By Gary R. Rasberry
With a week between the conference title game and the Super Bowl itself, it leaves plenty of time to reflect.
For Jeff Hartings, it's been a week not only to get travel plans to Detroit for the 40th edition of the Super Bowl, but also to think about what got him there.
The St. Henry native, All-American at Penn State, and starting center for the Pittsburgh Steelers plays in his first Super Bowl this Sunday at Ford Field against the Seattle Seahawks.
Calling from Detroit shortly after arriving on Monday to prepare for the game, Hartings said one emotion really stood out.
"I think the emotion I've had more than anything is gratitude and thankfulness to God and my Lord and Savior Jesus Christ," said the 10-year veteran, who will head to Hawaii after the game to play for the AFC in the Pro Bowl. "With anything in life, we have to do our part, but God is ultimately in control of our destiny. I really felt that overwhelming emotion." Like most young boys growing up in St. Henry, football was a big part of the fabric. Watching the Redskins play on Friday nights, watching college games on Saturday and pro football on Sunday.
"To be able to experience this has been a dream of mine growing up as a kid, when I was 10 and watching Super Bowls," said Hartings. "I watched every single one. I was looking forward to and dreaming of playing in one. Now I'll get to do that."
The way the Steelers got to the big game was one for the record books. Before the playoff run this year, only the 1985 New England Patriots won three playoff games on the road to make Super Bowl XX. Things looked rough as the Steelers fell to 7-5 after losing three straight games. Just to make the playoffs, Pittsburgh needed to win all four final regular season games and take the sixth and last playoff spot.
"There's no doubt. There's so much amazement that we were able to do that. But the team was not really lost in that because we always felt we had the ability to win a Super Bowl this year. That was our goal coming into this season," said Hartings. "When we were 7-5 and lost three in a row, I don't think there was a guy on the team that didn't feel that we were underachieving. That's a credit to every single guy on the team that we refocused and practiced hard. We wanted to see if we could turn that thing around. The practice, hard work, dedication and focus, especially the mental part, was what has helped us win four in a row in the regular season. Then we had the confidence that if we just continued to do that, we could beat anybody."
The Steelers followed up the four straight regular season wins by beating the top three seeds -- Cincinnati, Indianapolis and Denver -- on the road to make the franchise's fifth Super Bowl.
"We took it as a challenge to win three in a row and make history, go to the Super Bowl and win that," said Hartings. "Now we have to finish it."
Hartings, for one, is glad for the week off before heading to Detroit.
"It almost an absolute necessity for the teams involved. TV, fans, I don't think it matters as much because they're not involved in the day-to-day planning," said Hartings. "Lining up hotels and tickets, travel arrangements, it would be very difficult playing a game without having a bye week for the Super Bowl.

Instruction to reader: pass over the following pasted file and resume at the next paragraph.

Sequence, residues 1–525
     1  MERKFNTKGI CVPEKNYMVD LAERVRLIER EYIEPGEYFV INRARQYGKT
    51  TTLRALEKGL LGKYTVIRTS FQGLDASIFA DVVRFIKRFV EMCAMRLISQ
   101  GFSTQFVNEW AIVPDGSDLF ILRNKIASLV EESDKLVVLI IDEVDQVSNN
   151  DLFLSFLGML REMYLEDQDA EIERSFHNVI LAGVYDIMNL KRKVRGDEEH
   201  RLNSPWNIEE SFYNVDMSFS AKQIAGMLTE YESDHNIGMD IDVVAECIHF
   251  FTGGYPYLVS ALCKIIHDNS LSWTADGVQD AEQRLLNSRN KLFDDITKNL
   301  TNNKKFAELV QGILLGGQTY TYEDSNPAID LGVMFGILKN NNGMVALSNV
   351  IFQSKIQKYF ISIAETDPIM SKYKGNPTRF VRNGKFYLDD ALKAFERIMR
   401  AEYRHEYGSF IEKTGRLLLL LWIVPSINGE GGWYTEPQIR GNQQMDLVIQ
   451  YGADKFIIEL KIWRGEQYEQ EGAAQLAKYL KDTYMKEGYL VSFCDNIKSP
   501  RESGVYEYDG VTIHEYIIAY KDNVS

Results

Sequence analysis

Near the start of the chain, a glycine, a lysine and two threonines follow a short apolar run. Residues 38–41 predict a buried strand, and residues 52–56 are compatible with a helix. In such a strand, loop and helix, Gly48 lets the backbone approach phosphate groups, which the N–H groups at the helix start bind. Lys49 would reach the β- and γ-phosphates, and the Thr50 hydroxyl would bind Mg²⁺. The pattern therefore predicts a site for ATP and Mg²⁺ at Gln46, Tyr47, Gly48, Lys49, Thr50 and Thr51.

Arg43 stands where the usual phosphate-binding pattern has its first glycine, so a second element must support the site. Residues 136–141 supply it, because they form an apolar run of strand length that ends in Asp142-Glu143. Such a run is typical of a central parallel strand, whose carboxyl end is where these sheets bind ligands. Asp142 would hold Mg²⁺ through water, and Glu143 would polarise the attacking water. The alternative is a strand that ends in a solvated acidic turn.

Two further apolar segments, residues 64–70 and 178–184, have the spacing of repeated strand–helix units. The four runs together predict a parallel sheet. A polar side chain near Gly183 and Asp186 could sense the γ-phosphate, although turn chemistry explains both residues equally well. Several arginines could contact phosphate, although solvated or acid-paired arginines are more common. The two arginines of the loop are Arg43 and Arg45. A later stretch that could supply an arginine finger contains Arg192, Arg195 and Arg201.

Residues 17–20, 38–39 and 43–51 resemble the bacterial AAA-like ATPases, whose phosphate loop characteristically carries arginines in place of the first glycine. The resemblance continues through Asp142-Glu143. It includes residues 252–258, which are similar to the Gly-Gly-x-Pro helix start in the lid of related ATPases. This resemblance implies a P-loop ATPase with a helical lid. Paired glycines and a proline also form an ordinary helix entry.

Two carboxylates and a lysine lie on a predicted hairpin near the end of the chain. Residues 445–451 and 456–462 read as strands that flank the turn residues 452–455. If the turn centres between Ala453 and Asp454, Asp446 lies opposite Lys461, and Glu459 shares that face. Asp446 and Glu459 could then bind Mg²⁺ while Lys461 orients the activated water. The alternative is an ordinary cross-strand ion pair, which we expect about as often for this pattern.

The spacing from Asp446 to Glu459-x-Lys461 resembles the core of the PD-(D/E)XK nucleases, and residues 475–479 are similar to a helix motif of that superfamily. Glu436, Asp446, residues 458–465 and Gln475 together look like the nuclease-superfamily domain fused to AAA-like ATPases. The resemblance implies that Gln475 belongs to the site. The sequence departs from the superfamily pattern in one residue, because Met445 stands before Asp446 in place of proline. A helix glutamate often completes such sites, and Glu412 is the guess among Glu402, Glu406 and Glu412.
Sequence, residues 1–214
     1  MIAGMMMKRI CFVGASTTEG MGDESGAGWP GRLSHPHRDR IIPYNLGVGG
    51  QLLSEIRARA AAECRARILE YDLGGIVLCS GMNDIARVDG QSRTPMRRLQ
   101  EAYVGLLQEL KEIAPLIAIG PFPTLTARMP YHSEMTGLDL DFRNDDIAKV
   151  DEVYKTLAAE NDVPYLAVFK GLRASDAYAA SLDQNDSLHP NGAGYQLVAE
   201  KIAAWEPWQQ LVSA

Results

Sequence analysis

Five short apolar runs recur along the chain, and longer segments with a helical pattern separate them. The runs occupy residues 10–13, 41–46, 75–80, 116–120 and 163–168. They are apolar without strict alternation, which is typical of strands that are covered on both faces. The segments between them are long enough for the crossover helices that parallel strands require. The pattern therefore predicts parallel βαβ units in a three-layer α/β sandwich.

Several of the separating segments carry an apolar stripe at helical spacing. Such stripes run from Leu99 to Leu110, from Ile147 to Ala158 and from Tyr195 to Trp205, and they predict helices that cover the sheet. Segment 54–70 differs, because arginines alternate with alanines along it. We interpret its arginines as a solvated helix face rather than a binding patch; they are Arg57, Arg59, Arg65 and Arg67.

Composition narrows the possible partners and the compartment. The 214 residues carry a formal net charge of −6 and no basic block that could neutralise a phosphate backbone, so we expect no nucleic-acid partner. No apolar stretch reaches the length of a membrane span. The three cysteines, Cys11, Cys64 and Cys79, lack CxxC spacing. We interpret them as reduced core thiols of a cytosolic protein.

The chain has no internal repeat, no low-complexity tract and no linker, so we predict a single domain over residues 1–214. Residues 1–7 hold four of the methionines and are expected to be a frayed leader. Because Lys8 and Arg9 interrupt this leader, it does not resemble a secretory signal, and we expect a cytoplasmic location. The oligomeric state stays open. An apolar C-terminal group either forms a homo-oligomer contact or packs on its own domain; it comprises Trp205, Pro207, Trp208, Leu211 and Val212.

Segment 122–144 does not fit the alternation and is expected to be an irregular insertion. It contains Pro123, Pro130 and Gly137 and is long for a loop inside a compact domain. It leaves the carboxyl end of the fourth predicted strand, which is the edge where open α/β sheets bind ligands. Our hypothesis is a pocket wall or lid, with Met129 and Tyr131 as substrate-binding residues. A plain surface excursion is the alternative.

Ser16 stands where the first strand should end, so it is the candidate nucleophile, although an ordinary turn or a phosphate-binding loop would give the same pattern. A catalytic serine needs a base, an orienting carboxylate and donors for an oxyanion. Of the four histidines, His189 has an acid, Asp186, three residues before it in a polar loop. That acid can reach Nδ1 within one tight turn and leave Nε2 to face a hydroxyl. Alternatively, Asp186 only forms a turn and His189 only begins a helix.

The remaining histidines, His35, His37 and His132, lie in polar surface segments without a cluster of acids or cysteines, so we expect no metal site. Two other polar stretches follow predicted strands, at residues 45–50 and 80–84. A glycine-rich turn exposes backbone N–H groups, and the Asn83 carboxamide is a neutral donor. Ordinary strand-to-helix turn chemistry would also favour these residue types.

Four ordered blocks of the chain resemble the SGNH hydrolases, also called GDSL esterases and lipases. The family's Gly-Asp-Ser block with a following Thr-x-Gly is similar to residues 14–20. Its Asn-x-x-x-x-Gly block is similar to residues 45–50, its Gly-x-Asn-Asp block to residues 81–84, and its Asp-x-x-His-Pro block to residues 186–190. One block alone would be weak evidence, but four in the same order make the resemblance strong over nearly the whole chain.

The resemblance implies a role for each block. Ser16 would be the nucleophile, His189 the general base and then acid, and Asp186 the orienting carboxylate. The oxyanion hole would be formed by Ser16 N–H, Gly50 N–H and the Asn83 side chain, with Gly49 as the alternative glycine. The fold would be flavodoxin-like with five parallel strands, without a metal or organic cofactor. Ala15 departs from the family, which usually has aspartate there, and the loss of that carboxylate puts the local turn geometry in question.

"I think for a football sense, in any competition as long as things are equal, then I don't think it matters. The Seahawks have a week off too. After the game, I don't think you can say the week off affected us or them more. It will be other things to affect the Super Bowl, that being the team being able to focus, step back and separate yourselves from how big the game is in the world and treat it as another game. ... That team is the one who comes out successful."
Hartings believes that the location of the game was something of a sign of good things.
"I think the thing that has made it so special is being in Detroit. Before the season," said Hartings. "I didn't really think about it being special. It's not a hot and sunny place to take your family, but in hindsight, God revealed that this is the perfect place for me to play in a Super Bowl in making plans for family and just even traveling here and after the game, getting home right away.
"Being only three hours from St. Henry, there is a closeness. Being able to reflect on my high school coaches, my mom and dad for letting me go work out, my friends that I worked out with. Also, part of it is the town of St. Henry and the excitement that they feel on Friday night football, and that motivates young high schoolers to do well, and it motivated me to succeed. Not only on Friday nights, but also go to college and try and excel in football. Without all of that happening, I wouldn't be in the Super Bowl."
The fact that Detroit was where he started his professional football career was also on his mind.
"On top of that, having played here, I'm comfortable here," said Hartings. "Practicing in the Silverdome, where I played and practiced in for five years, I'm very comfortable in there. It's a great week to be able to reflect upon my past. Part of what has gotten me here is those five years in Detroit. (It's) a big part of me being able to appreciate being in the Super Bowl is coming from where I was, playing five years in Detroit and not having a realistic chance to go to a game like this. Practicing in the Silverdome, sitting, probably, in my old locker, and reflecting on all the people who helped me get here."
Hartings also reflected on the only other former Redskin to play in a Super Bowl. Jim Lachey was a stalwart on the line for the Washington Redskins that won Super Bowl XXVI.
"I haven't thought about that, but it would be a good idea," said Hartings. "Probably, more than anything, I would want to get ahold of him is to thank him for making me realize that it was possible for a small-town guy to make it to the Super Bowl."